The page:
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Portal:The arts Information

From Wikipedia
https://en.wikipedia.org/wiki/Portal:The_arts

T H E   A R T S   P O R T A L

The arts are a very wide range of human practices of creative expression, storytelling and cultural participation. They encompass multiple diverse and plural modes of thinking, doing and being, in an extremely broad range of media. Both highly dynamic and a characteristically constant feature of human life, they have developed into innovative, stylized and sometimes intricate forms. This is often achieved through sustained and deliberate study, training and/or theorizing within a particular tradition, across generations and even between civilizations. The arts are a vehicle through which human beings cultivate distinct social, cultural and individual identities, while transmitting values, impressions, judgments, ideas, visions, spiritual meanings, patterns of life and experiences across time and space.

Prominent examples of the arts include:

They can employ skill and imagination to produce objects, performances, convey insights and experiences, and construct new environments and spaces.

The arts can refer to common, popular or everyday practices as well as more sophisticated and systematic, or institutionalized ones. They can be discrete and self-contained, or combine and interweave with other art forms, such as the combination of artwork with the written word in comics. They can also develop or contribute to some particular aspect of a more complex art form, as in cinematography. By definition, the arts themselves are open to being continually re-defined. The practice of modern art, for example, is a testament to the shifting boundaries, improvisation and experimentation, reflexive nature, and self-criticism or questioning that art and its conditions of production, reception, and possibility can undergo.

As both a means of developing capacities of attention and sensitivity, and as ends in themselves, the arts can simultaneously be a form of response to the world, and a way that our responses, and what we deem worthwhile goals or pursuits, are transformed. From prehistoric cave paintings, to ancient and contemporary forms of ritual, to modern-day films, art has served to register, embody and preserve our ever shifting relationships to each other and to the world. ( Full article...)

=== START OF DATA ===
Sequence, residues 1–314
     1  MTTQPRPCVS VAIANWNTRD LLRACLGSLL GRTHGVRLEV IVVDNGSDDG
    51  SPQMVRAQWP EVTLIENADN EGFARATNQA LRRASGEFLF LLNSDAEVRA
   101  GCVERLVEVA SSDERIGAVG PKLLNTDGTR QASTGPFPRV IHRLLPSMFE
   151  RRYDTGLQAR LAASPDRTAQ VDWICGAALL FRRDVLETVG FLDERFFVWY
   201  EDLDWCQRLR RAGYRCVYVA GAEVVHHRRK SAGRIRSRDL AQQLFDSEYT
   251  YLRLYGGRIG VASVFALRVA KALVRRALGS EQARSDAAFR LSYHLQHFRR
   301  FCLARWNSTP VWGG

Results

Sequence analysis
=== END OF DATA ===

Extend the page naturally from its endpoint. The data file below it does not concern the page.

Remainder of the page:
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Neo-Impressionism
Neo-Impressionism is a term coined by French art critic Félix Fénéon in 1886 to describe an art movement founded by Georges Seurat, whose most renowned masterpiece, A Sunday Afternoon on the Island of La Grande Jatte, marked the beginning of this movement when it was first exhibited in Paris. Around this time, the peak of France's modern era emerged and many painters were in search of new methods. Followers of Neo-Impressionism, in particular, were drawn to modern urban scenes as well as landscapes and seashores. Science-based interpretation of lines and colors influenced Neo-Impressionists' characterization of their own contemporary art. The Pointillist and Divisionist techniques are often mentioned in this context, because it was the dominant technique in the beginning of the Neo-impressionist movement. This picture is a oil-on-canvas portrait of Félix Fénéon in the Neo-Impressionist style by French painter Paul Signac, dated 1890. The painting is now in the collection of the Museum of Modern Art in New York City.

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1885 hand-coloured albumen silver print by Farsari of three Maiko posing on an engawa

Adolfo Farsari (1841–1898) was an Italian photographer based in Yokohama, Japan. Following a brief military career, including service in the American Civil War, he became a successful entrepreneur and commercial photographer.

His photographic work was highly regarded, particularly his hand-coloured portraits and landscapes,of which he sold mostly to foreign residents and visitors to the country. Farsari's images were widely distributed, presented or mentioned in books and periodicals, and sometimes recreated by artists in other media; they shaped foreign perceptions of the people and places of Japan and to some degree did affect how Japanese saw themselves and their country.

His studio – the last notable foreign-owned studio in Japan – was one of the country's largest and most prolific commercial photographic firms. Largely due to Farsari's exacting technical standards and his entrepreneurial abilities, it had a significant influence on the development of photography in Japan. ( Full article...)

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